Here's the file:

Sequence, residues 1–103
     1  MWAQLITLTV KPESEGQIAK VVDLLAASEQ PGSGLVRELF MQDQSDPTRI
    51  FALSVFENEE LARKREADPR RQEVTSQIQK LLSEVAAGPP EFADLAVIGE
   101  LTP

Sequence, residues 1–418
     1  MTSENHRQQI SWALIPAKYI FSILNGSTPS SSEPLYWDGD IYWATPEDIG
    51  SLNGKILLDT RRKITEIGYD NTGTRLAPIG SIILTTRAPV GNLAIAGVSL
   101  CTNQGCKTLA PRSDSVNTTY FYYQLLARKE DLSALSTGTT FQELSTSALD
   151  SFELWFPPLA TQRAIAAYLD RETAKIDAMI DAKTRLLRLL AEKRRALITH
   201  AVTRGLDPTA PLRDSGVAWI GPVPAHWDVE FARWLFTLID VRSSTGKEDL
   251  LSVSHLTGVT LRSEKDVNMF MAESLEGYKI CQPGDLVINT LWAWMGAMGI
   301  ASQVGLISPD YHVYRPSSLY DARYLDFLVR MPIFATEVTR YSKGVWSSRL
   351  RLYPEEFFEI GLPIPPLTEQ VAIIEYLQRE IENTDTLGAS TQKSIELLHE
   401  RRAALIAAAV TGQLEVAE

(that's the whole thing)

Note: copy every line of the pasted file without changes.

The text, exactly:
Sequence, residues 1–103
     1  MWAQLITLTV KPESEGQIAK VVDLLAASEQ PGSGLVRELF MQDQSDPTRI
    51  FALSVFENEE LARKREADPR RQEVTSQIQK LLSEVAAGPP EFADLAVIGE
   101  LTP

Sequence, residues 1–418
     1  MTSENHRQQI SWALIPAKYI FSILNGSTPS SSEPLYWDGD IYWATPEDIG
    51  SLNGKILLDT RRKITEIGYD NTGTRLAPIG SIILTTRAPV GNLAIAGVSL
   101  CTNQGCKTLA PRSDSVNTTY FYYQLLARKE DLSALSTGTT FQELSTSALD
   151  SFELWFPPLA TQRAIAAYLD RETAKIDAMI DAKTRLLRLL AEKRRALITH
   201  AVTRGLDPTA PLRDSGVAWI GPVPAHWDVE FARWLFTLID VRSSTGKEDL
   251  LSVSHLTGVT LRSEKDVNMF MAESLEGYKI CQPGDLVINT LWAWMGAMGI
   301  ASQVGLISPD YHVYRPSSLY DARYLDFLVR MPIFATEVTR YSKGVWSSRL
   351  RLYPEEFFEI GLPIPPLTEQ VAIIEYLQRE IENTDTLGAS TQKSIELLHE
   401  RRAALIAAAV TGQLEVAE